Questions and answers about Sabine's Translation of the Divine Farmer's Classic of Materia Medica
Note that this list of questions and answers will get updated as I receive and answer more comments so feel free to check back periodically.
Question: Is your entry on page 169 (2.9) for tongcao actually what we currently call mùtōng Akebiae Caulis 木通? Blue Poppy's footnote to the tongcao entry says "what we presently call Mu Tong was, before the Song dynasty, called Tong Cao." Both Chen and Bensky list Tetrapanacis Medulla tōng căo as not being in the SNBCJ.
Answer: Mùtōng 木通 is definitely not the same as tōngcǎo 通草. From what I know and have seen, the Blue Poppy edition is not an academic translation based on extensive textual, botanical, and historical research. I don't know where Chen and Bensky get their information on the SNBCJ from but I checked several editions and tōngcǎo is in fact listed in all of them, including the revision by Tao Hongjing and the earlier Han period reconstruction that I have based my translation on. I don't have the time to figure out where Bensky's and Chen's mistaken statement came from, maybe from a modern Materia Medica from China, something like the Zhōngyào Dàcídiǎn 中藥大辭典? But I did a lot of research in original sources, and it sure is in there.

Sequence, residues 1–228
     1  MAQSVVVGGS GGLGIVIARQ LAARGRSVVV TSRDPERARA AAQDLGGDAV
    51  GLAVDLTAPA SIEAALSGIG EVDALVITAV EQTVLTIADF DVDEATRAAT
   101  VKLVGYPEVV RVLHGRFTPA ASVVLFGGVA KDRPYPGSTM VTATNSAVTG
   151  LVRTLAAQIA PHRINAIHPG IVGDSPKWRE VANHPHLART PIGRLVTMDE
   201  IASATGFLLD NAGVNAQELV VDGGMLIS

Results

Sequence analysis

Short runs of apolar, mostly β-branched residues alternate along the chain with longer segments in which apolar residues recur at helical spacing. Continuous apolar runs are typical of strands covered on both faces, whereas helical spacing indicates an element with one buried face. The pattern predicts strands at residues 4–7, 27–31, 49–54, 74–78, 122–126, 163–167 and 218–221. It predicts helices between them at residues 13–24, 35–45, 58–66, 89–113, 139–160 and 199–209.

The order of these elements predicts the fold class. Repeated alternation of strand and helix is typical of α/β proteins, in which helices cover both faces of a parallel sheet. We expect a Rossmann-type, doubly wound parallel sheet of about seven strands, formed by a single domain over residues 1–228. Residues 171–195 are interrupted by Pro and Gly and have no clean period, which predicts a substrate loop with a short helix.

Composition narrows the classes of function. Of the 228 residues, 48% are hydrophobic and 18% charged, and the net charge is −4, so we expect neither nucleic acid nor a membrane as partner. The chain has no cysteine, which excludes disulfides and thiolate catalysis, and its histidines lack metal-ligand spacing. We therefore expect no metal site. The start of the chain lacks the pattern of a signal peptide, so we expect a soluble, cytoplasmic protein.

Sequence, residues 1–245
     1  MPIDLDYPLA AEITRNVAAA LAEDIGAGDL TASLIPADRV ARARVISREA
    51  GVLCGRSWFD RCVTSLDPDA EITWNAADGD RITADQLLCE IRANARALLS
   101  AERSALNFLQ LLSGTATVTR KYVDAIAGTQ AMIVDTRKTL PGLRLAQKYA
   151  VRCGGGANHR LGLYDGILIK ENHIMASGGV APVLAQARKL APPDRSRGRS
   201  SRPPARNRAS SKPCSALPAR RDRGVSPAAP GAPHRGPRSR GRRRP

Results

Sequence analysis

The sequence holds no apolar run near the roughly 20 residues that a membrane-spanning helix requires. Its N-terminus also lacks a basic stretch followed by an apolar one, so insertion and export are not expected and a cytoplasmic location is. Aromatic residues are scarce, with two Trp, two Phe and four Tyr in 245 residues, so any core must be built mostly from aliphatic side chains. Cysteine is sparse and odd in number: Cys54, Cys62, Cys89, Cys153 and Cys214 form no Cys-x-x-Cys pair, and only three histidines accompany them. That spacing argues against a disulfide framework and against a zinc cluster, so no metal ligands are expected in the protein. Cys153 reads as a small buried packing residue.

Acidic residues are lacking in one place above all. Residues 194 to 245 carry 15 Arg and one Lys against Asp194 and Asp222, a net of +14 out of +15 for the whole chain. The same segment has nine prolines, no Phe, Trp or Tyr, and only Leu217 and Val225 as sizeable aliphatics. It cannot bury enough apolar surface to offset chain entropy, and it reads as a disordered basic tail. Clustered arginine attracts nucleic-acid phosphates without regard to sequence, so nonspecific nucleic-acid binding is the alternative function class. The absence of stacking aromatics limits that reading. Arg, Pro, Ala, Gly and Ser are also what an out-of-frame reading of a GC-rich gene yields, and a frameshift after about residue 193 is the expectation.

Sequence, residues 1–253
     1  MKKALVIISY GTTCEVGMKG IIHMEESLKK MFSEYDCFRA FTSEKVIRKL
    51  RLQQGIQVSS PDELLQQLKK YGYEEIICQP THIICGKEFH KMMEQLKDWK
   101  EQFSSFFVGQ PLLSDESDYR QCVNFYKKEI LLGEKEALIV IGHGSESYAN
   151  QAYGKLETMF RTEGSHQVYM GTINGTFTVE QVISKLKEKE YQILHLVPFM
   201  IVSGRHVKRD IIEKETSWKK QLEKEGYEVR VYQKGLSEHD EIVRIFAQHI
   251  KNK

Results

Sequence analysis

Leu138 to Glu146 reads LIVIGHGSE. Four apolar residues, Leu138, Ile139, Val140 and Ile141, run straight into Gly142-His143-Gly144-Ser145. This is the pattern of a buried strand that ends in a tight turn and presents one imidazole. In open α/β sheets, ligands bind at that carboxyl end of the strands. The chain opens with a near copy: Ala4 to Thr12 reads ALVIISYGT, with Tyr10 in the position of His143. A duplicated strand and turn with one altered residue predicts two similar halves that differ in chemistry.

Question: I’m really interested in your translation of Mahuang as sweet. That goes against everything I know from my teachers and my clinical practice! Which source text did that come from? I’m just curious!